The city of Kamurocho makes a return in Judgment, along with its bizarre inhabitants. Alongside the main story, Yagami can pick up side cases, which are his main source of income. In true Yakuza form, the requests Yagami gets are quite strange. He will use his detective skills to determine who stole the cake from the office fridge, check if an apartment is haunted, dress up like a vampire to help a pop star, chase down a flying toupee, and many more. In less skilled hands, this tonal dissonance with the main story would be problematic, but here it works: a light-hearted break from the serious themes of the game. The game has 50 side cases in total, with a further 50 smaller friendship side-stories to complete.
Kamurocho also features mini-games aplenty, with darts, mahjong, shogi, black jack, and a variety of Sega arcade games to play. While it still features an impressive amount of activities, the game has a smaller selection than previous Yakuza titles, with the noticeable absence of karaoke and dancing. A specialised mini-game for the title would have been a nice addition, like the hostess club or real estate market in Yakuza 0.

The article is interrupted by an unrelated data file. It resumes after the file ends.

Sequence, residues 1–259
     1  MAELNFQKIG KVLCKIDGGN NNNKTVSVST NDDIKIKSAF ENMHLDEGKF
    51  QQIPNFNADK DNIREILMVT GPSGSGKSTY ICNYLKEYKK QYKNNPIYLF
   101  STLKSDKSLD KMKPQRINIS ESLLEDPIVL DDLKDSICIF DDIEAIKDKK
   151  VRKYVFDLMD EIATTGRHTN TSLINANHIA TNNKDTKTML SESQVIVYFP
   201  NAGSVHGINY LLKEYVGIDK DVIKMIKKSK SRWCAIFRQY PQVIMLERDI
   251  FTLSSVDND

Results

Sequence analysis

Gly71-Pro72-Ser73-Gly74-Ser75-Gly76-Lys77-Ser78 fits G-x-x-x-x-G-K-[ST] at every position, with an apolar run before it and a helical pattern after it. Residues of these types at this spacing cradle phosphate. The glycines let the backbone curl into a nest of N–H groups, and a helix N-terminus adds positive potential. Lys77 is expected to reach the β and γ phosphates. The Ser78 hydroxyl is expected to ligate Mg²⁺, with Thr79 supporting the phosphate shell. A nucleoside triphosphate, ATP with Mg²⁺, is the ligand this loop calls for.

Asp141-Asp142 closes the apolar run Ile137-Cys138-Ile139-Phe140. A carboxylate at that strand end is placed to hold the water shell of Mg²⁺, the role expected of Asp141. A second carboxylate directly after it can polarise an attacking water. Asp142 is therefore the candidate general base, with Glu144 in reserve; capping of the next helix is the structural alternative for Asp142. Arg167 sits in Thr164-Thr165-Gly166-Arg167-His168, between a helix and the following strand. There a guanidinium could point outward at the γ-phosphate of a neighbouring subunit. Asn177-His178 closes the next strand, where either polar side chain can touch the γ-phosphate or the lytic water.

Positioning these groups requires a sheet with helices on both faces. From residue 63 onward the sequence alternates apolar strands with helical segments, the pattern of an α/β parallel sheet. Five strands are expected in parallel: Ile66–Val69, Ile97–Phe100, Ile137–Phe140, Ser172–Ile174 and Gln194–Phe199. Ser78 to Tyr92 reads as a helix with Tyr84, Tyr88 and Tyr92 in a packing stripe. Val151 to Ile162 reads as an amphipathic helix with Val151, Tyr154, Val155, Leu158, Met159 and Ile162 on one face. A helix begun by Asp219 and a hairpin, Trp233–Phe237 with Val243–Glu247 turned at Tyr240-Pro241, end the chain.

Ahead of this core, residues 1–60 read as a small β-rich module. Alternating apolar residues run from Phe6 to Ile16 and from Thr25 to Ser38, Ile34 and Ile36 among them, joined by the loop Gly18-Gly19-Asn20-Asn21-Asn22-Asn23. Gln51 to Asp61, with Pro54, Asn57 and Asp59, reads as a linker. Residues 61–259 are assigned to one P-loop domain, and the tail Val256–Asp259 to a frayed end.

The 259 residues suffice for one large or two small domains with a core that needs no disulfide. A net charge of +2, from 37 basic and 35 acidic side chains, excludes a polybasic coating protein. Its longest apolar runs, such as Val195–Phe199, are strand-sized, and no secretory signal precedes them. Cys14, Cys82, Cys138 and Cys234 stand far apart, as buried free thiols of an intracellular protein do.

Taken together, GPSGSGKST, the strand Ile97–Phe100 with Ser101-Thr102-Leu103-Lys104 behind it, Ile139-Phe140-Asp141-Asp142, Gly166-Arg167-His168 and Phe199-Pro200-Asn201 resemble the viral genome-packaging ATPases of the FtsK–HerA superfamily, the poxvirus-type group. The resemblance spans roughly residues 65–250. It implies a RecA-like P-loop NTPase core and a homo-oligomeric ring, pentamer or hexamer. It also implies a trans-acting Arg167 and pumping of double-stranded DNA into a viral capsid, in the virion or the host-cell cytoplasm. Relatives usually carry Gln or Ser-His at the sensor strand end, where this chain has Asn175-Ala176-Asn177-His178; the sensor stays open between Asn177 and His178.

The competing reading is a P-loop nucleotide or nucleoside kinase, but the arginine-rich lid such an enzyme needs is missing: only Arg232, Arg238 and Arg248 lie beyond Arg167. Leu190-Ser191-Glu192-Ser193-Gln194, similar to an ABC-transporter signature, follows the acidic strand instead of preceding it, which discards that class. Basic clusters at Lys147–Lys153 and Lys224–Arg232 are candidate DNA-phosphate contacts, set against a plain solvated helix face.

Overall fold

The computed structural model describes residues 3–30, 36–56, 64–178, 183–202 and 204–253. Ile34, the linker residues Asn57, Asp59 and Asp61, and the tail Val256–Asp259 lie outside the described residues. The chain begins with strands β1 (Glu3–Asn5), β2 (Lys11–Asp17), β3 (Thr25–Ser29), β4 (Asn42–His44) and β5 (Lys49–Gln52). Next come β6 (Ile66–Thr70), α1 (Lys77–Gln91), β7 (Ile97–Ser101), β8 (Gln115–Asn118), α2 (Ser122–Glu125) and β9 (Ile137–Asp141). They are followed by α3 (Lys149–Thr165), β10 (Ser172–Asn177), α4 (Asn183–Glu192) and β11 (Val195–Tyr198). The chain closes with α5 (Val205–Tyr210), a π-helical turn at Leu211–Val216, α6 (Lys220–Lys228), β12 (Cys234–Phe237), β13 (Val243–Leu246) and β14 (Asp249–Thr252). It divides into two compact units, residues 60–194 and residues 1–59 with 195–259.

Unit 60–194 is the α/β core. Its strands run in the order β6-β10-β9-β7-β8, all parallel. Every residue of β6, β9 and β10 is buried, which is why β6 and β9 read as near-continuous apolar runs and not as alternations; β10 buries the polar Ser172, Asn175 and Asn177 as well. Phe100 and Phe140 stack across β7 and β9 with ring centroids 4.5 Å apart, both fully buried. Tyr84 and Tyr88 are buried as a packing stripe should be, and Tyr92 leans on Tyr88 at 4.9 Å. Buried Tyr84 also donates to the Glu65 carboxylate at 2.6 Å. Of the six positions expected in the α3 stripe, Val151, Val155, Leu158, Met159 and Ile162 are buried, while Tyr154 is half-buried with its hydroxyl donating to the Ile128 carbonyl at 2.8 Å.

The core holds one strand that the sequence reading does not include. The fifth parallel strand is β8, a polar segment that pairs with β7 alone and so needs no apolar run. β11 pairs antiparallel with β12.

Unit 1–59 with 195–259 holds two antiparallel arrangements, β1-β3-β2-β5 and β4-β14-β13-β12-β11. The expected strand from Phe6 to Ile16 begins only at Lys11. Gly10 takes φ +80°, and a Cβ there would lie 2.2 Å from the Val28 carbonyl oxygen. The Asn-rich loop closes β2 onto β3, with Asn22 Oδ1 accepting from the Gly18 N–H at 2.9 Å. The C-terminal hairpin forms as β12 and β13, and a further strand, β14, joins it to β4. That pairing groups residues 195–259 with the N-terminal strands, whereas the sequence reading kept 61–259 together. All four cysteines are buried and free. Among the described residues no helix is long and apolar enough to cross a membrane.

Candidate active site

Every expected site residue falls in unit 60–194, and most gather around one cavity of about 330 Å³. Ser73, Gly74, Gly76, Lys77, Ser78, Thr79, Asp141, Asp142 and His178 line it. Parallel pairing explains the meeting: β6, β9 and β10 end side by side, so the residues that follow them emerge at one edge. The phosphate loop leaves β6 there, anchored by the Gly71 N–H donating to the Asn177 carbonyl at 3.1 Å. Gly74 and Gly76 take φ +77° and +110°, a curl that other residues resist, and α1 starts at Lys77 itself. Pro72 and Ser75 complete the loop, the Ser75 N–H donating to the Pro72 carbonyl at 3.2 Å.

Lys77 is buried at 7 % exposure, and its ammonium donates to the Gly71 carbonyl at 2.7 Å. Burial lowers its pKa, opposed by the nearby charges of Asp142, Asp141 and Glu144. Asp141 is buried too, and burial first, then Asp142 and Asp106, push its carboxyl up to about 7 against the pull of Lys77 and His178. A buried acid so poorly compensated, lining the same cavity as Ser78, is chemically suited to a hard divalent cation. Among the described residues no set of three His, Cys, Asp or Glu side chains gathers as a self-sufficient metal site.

Yagami earns skill points with almost every action he performs, from eating a burger to beating up a street thug to playing a round of Puyo Puyo. The points are spent on a wide variety of abilities, from the expected combat upgrades to the more unusual social skills like being able to hold more liquor or craft a flirty text. Tying skill points into exploring Kamurocho is a wonderful idea, as players will easily get side tracked and spend hours at the arcade or drone racing—this way, even the most distracted gamer is still making progress each time they play.